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In a linear regression problem, we have: $$ y = x\beta_1 + \epsilon $$ For the convenience of discussion, let's just assume this is a univariate regression problem. (i.e. both $x$ and $y$ are vectors and $\beta_1$ is a scalar)

Because of the existence of $\epsilon$, the solution of above equation ($\hat{\beta_1}$) will be different from the solution of this one: $$ R^{\frac{1}{2}}y = R^{\frac{1}{2}}x\beta_2 + \epsilon $$ where $R^{\frac{1}{2}}$ is a square rotation matrix that maps $x$ and $y$ into another space. We know that $R^{\frac{1}{2}}$ is positive semidefinite and we know that $I-R^{\frac{1}{2}}$ is also p.s.d. (I am not sure if this is useful.)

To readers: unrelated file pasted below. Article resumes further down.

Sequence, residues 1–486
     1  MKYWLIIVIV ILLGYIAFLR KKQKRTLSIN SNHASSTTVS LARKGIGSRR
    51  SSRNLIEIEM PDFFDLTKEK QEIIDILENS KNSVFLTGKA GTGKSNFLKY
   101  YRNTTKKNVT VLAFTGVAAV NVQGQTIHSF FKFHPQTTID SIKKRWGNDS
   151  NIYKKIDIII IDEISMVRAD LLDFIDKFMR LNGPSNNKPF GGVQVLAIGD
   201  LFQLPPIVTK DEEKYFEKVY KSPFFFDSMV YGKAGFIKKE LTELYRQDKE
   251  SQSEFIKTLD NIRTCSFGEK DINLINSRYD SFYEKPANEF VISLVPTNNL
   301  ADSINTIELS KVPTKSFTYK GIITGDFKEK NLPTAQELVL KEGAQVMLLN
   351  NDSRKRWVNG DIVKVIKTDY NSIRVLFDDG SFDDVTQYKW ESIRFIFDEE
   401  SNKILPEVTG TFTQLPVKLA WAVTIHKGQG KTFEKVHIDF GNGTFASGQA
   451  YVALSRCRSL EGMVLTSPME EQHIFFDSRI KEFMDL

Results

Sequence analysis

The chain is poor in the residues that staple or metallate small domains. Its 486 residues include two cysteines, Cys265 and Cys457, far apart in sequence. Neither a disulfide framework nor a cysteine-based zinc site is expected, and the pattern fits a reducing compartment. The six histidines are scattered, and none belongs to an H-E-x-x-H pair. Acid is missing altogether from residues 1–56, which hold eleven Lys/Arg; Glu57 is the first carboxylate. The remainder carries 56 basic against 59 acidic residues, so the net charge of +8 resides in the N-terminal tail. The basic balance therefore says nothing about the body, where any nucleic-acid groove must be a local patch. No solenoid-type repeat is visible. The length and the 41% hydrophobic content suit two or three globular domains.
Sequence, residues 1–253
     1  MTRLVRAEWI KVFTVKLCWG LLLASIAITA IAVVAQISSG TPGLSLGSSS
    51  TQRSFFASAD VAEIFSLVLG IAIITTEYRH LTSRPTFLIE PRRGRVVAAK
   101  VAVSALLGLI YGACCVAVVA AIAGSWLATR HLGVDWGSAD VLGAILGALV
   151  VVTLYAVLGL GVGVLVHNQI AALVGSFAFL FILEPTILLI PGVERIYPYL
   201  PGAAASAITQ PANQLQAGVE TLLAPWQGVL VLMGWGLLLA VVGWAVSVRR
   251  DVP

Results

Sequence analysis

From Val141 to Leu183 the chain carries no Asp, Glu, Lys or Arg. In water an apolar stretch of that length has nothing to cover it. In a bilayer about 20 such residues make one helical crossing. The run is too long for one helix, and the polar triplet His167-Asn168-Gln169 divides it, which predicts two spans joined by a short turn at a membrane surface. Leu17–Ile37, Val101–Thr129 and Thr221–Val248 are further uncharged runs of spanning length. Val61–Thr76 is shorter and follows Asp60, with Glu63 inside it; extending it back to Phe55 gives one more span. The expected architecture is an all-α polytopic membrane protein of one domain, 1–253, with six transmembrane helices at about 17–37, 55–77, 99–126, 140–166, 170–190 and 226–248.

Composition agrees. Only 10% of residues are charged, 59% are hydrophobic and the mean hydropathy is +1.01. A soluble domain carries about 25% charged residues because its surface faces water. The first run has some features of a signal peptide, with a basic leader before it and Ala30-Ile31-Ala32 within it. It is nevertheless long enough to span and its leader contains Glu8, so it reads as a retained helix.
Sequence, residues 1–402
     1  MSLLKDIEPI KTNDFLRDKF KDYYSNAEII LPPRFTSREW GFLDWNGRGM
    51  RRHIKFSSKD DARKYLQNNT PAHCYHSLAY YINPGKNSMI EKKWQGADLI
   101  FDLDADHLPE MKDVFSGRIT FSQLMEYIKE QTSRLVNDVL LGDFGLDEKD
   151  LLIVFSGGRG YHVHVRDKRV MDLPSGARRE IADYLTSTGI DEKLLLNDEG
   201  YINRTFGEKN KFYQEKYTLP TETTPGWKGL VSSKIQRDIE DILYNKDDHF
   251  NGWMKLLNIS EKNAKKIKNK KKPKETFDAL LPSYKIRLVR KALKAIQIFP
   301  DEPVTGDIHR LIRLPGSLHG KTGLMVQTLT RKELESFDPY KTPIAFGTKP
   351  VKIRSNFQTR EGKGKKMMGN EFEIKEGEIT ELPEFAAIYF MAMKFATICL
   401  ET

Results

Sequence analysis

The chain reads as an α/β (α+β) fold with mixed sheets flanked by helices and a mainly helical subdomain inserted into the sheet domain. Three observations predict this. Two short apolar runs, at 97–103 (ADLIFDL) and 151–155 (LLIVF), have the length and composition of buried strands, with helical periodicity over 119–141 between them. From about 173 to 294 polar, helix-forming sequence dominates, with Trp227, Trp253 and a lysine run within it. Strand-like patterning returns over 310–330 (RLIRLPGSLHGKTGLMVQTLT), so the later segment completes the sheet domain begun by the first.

We have: $$ \hat{\beta_1}=(x^Tx)^{-1}x^Ty $$ and $$ \hat{\beta_2}=(x^TRx)^{-1}x^TRy $$ Is there any relasionship regarding $\hat{\beta_1}$ and $\hat{\beta_2}$? It seems we can get something if we assume $\beta_1>0$.

Eventually, I want to compare the test statistics: $$ \dfrac{\beta^2}{var(y-x\beta)} $$ for $\hat{\beta_1}$ and $\hat{\beta_2}$. Will there be any relationship of these two?

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